An Open Letter to My Stepdad

An Open Letter to My Stepdad

All the things I want to say to you — honestly.
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Dear David:

First of all, I want to say I love you. I don’t feel like I ever say it enough.


It’s taken me a while to get to where I am today, and I have to thank you for most of it. A Stepdad was never a thing I thought I’d have – I had become so used to the idea of one Dad and one Mom, that any other relationship seemed inconceivable. As a seven-year-old, it didn’t really feel like I had a say in anything, including you – which, let’s face it, I didn’t. I must have thought you coming into our lives would weaken the close bond I’d formed with my Mom, and I didn’t want to lose that. I didn’t realize then that a Stepdad would make our family complete and make my Mom happy, but then again, I had probably bought into that whole Cinderella-Mean-Step-parent trope that I had associated with you.

That was the biggest mistake I think I’ve ever made, and one of my deepest regrets.

Because even though you may be stern – okay, let’s be honest, VERY stern – that doesn’t mean you’re horrible, like the Step-parent stereotype implies. You’re probably one of the kindest men I know. You didn’t HAVE to become a part of what seemed like a broken family – a single Mom and her tiny, neurotic daughter. You didn’t have to put in the effort and time and love to build a wonderful life for us, but you did. It takes a kind man to do all of that.

You’re intimidating, but in a good way. I wasn’t used to that personality; Mom is definitely very different. You really tried to be that dominating, responsible father figure that our family needed – which isn’t to say you tried to replace my Dad, but you were there for me in ways my Dad couldn’t at the time. I think, deep down, I harbored anger against you, because it felt like you were trying to be a physical replacement for him. Only with distance can I see you’ve only ever wanted the best for me and for my Mom and sister.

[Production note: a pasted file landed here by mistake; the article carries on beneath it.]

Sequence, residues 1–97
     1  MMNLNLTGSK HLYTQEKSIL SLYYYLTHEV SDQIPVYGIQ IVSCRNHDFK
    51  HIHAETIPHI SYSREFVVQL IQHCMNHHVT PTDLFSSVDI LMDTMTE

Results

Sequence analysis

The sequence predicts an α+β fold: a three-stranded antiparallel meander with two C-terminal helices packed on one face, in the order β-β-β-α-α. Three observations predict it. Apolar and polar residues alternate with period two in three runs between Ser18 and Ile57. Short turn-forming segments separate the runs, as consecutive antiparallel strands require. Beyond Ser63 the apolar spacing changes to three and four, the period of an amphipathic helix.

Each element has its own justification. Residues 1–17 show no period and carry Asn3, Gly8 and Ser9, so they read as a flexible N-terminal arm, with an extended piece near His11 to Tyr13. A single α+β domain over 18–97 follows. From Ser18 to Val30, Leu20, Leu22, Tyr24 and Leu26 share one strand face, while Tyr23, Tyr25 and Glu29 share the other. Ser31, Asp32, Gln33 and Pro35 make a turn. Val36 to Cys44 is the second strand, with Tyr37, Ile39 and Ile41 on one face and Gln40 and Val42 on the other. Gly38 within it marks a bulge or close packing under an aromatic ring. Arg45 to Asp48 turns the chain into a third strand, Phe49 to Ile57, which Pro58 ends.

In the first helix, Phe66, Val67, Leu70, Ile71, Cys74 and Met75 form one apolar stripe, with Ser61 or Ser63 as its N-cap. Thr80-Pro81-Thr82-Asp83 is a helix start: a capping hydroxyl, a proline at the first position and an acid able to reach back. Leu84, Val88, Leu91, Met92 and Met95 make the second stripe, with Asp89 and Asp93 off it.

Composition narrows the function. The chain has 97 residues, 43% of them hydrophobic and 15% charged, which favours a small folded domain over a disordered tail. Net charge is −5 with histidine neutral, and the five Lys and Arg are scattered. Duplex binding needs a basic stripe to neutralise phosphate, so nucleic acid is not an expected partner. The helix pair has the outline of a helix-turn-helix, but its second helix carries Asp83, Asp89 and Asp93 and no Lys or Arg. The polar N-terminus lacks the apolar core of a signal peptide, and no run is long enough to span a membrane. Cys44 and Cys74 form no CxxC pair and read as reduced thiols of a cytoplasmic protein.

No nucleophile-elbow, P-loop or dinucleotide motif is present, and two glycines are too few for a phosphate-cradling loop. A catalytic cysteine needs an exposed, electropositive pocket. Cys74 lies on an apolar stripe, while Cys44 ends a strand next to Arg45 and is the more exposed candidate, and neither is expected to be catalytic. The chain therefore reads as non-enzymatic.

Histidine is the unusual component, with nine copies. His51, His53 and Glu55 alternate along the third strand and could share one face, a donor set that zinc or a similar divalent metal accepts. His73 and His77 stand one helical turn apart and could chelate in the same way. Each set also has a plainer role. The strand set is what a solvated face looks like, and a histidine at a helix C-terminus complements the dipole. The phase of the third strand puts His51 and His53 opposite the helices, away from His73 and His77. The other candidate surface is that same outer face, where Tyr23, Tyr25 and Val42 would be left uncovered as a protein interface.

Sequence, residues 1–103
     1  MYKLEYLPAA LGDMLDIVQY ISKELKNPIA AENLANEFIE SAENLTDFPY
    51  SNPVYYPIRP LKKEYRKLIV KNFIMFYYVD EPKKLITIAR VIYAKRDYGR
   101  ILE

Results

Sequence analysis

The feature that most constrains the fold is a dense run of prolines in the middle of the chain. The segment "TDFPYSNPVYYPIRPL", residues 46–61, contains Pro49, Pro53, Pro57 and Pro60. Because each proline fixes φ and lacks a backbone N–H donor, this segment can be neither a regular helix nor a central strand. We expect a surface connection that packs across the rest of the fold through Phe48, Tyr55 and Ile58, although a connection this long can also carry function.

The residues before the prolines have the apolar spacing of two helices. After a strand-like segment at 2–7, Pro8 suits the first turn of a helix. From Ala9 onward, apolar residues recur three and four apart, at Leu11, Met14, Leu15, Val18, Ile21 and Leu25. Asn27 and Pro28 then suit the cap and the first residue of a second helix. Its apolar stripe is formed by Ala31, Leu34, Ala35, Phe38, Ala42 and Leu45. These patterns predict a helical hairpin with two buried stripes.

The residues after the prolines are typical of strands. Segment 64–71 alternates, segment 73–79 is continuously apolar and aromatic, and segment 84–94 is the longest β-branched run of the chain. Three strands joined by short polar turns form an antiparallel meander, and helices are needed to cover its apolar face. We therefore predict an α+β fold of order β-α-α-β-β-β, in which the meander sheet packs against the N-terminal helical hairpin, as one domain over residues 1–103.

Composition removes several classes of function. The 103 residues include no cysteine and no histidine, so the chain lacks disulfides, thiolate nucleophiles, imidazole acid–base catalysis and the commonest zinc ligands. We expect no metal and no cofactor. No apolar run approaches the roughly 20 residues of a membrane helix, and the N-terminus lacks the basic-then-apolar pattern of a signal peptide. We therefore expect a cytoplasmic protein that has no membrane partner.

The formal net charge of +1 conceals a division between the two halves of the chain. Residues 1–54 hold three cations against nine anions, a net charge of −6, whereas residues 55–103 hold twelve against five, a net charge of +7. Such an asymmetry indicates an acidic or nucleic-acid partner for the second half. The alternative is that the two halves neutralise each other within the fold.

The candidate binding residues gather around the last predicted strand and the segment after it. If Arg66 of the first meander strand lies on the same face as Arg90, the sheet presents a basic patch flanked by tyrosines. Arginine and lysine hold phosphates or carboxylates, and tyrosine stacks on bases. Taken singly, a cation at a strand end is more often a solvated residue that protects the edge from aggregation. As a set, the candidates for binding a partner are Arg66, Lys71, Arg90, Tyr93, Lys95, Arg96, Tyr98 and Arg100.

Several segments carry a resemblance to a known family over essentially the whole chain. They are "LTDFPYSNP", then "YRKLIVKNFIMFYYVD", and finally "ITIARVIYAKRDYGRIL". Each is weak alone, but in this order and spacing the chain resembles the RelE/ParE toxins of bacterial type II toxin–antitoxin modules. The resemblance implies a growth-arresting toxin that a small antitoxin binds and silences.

I think we’re the closest to a father/daughter relationship you can get. You’re the one who texts me when I’m spending too much money, being frivolous with responsibility when I need to shape up, and to remind me to respond to Mom’s texts and to yours (and I admit, I do try to avoid owning up to my faults, especially over text). You’ve almost single-handedly financed every weird medical and dental and dermatological and psychological issue I’ve dealt with since you married my Mom (and I’m sure now you look back on that money and think, wow, that could have helped with some other things), but you did that so I could be as healthy as possible. You also wouldn’t believe me when I wanted to skip school for being sick, because unless I was throwing up, then I could make it to class (and this is where I’d go crying to Mom, instead). You’re also the one who begrudgingly pays my rent each month, even though I’m (technically) an adult because you want me to focus on school and have a roof over my head. You’re the one who buys me printer ink when I’m low, pays the phone bill and doesn’t kill me when I go over the month’s data, lets me use his Amazon Prime account to ship things to my house, and moves all the heavy things around my house because I didn’t have a chance to inherit some muscle-building genes from you. You’re the one who is quietly judging the guys I date when you meet them, because you’re the ultimate deciding factor on who is worthy of being a part of my life. You’re the one who gets exasperated when I’m – well – exasperating. I’m pretty sure that’s the textbook Dad stuff.